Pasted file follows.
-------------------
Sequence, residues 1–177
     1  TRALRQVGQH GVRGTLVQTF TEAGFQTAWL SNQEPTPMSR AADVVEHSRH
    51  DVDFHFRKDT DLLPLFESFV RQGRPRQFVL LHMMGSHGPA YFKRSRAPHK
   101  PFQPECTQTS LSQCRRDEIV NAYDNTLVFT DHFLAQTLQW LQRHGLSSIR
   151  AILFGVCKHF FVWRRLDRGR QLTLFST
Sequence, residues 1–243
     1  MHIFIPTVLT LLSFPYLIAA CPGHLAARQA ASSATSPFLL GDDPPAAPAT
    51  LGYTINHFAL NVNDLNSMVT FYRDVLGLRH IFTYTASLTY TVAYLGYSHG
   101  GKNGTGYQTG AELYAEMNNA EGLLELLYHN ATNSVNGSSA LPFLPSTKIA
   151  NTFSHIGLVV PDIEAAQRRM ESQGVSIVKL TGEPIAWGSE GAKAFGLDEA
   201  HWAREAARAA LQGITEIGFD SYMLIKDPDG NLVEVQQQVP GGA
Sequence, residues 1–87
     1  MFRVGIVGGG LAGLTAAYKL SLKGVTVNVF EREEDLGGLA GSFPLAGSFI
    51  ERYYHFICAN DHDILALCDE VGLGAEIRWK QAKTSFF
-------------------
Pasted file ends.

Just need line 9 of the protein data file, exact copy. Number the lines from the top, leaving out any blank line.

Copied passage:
   101  GKNGTGYQTG AELYAEMNNA EGLLELLYHN ATNSVNGSSA LPFLPSTKIA